Like walls that get knocked over by high winds or earthquakes due to substandard footings, water intrusion problems ensue inevitably from decisions to spend less rather than more for sound construction. Invariably people prefer to spend money where they can see its effects--perhaps a corollary to the instant gratification syndrome--but plumbers, electricians, and many other tradespeople perform vital tasks for structures that largely go unseen, yet the temptation is to spend less for such things. When substandard materials and poor craftsmanship is chosen as a means of savings, quality, which is frequently measured by longevity, is sacrificed. Engineers, architects, geologists, seismologists, geotechnicians, building code codifiers, and many others with influence on building design all learn from experience, and sometimes time is the grandest teacher. The deleterious effects of water intrusion have become known over time, and redundant measures to guarantee the defeat of water intrusion is almost always money well spent. Home owners tackling do-it-yourself projects can profit in untold ways thru preliminary research and attention to detail.

What's Missing In Modern Heating Systems

December 12, 2010 by BrikArt
brik fireplace

The fireplace --the age-old symbolic representation of the heart of the home--has been largely relegated to the metaphorical ashcan in terms of historical architectural lore. Modern buildings with central heat and air, double paned energy-efficient windows and skylights, and artificial lighting, have obviated the functional use of the open flame as a source of heat, light, means of cooking and the myriad of other indispensable uses in virtually all building designed for human habitation.

Going back a scant century and half or so, the difference between having fire and not having fire was quite literally nothing short of, depending upon the situation, the difference between life and death. The appeal of an open fire conjures up the primitive ties to our not-too-distant past and surely is psychologically rooted in this subliminal realization that the taming of fire meant civilization, survival, and catapulting to the top of the food chain. So it is that utilized fireplaces in colder weather have a warming effect, a tip not lost on realtors and savvy hosts, innkeepers, restaurateurs, and such.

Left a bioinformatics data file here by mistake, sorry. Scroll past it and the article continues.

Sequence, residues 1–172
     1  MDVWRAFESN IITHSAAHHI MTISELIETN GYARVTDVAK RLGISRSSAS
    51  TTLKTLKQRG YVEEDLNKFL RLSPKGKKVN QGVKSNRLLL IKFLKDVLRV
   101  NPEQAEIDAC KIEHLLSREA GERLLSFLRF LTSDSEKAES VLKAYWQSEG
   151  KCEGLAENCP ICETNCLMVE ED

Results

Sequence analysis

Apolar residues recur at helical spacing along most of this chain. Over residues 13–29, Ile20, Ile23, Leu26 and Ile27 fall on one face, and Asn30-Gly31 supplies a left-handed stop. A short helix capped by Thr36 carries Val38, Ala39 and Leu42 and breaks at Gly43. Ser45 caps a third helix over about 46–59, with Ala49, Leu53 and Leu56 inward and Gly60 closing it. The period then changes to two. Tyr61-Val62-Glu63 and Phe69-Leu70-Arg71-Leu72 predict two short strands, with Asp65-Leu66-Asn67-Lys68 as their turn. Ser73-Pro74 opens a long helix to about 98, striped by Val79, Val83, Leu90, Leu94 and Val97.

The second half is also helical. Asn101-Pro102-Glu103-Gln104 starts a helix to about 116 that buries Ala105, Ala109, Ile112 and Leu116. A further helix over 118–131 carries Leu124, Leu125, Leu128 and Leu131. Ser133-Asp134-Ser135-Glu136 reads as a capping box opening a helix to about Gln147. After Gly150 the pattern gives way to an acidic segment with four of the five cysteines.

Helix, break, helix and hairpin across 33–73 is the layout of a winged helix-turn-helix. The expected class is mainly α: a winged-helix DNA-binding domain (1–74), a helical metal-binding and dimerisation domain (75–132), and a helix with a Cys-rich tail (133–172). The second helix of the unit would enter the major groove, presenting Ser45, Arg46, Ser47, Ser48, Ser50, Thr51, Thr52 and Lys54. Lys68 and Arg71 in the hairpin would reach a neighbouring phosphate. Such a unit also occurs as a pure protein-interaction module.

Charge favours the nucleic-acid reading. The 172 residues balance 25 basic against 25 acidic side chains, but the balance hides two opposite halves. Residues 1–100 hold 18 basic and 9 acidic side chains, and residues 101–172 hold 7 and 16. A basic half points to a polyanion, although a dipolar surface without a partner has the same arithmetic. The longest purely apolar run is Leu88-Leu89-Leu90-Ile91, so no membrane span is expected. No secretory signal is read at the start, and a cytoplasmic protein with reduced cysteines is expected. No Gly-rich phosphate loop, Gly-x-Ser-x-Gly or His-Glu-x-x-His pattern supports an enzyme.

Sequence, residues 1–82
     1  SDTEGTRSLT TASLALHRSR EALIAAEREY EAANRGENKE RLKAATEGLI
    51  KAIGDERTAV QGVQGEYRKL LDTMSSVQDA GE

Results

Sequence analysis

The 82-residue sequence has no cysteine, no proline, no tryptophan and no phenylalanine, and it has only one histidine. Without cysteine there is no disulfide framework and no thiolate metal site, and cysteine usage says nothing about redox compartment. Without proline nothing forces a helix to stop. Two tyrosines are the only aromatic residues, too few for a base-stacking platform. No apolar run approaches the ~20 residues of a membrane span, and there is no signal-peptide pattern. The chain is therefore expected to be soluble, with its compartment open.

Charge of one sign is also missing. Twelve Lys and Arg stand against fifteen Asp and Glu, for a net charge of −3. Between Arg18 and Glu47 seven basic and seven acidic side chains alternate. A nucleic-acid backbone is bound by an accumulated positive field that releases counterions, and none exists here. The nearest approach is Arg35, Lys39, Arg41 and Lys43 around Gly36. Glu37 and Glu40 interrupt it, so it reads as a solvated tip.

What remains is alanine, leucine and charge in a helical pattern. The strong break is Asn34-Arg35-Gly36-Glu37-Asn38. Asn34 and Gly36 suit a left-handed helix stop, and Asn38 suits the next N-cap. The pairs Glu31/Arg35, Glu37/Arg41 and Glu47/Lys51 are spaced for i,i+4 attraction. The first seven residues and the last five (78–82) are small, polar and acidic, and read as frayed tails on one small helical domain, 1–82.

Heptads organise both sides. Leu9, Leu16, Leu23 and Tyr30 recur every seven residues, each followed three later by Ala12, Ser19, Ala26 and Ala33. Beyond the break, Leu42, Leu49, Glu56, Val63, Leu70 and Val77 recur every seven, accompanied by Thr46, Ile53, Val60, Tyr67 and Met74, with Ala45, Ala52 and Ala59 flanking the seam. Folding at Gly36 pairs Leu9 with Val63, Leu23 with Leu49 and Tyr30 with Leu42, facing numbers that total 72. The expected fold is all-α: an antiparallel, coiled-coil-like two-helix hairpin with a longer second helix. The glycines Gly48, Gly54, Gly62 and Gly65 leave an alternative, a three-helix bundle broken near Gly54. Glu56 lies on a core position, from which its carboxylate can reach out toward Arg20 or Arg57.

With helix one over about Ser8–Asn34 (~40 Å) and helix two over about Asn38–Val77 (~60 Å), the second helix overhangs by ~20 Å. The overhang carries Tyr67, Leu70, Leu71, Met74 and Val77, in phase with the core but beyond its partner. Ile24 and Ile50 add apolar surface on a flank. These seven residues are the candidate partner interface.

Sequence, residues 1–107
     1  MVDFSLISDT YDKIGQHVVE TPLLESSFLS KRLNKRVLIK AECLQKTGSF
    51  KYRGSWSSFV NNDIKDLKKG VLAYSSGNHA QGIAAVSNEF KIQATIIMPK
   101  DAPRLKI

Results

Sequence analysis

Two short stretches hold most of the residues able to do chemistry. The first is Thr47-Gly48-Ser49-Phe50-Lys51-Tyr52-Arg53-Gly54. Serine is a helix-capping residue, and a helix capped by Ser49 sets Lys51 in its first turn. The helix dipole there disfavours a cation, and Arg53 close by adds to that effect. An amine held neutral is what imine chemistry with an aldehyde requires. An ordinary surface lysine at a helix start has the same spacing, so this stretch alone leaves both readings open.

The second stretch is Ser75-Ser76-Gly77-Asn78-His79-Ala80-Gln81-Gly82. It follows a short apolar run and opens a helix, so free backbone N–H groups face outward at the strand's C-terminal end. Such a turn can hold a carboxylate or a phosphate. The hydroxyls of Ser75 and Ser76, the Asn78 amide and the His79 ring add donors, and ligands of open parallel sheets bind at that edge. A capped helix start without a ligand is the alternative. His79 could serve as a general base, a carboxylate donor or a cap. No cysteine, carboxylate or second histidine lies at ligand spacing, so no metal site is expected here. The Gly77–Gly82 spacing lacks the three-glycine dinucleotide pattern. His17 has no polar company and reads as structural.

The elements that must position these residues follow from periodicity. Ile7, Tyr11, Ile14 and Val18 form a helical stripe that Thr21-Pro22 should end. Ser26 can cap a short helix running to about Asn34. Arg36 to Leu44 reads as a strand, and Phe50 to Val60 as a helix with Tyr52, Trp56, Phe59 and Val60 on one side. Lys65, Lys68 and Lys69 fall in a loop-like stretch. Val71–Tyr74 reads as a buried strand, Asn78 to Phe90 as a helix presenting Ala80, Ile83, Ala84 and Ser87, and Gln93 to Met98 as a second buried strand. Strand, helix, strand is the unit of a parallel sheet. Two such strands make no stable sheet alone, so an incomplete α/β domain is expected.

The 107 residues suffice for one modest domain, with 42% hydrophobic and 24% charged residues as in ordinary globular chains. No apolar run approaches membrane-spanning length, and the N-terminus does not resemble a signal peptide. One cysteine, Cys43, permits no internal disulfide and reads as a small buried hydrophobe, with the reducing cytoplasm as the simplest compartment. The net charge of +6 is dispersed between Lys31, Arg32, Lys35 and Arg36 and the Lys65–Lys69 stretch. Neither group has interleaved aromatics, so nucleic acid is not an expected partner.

Brik-Art has specialized in revitalizing fireplaces for forty years. See our gallery of fireplaces and chimneys for ideas. Even with the implementation of laws designed to reduce emissions and other green-friendly progressive trends, fireplace manufacturers have improved efficiency in newer models and have brought out other eye-popping features and innovations in modern fireplace designs. There's a good chance that the next generation of newer housing will see a resurgence of fireplace implementation as it becomes more apparent that sterile, charmless cookie-cutter design just isn't cozy enough to be truly comfortable.

BrikArt can be reached at or by calling (818) 759-4738 for a free installation estimate.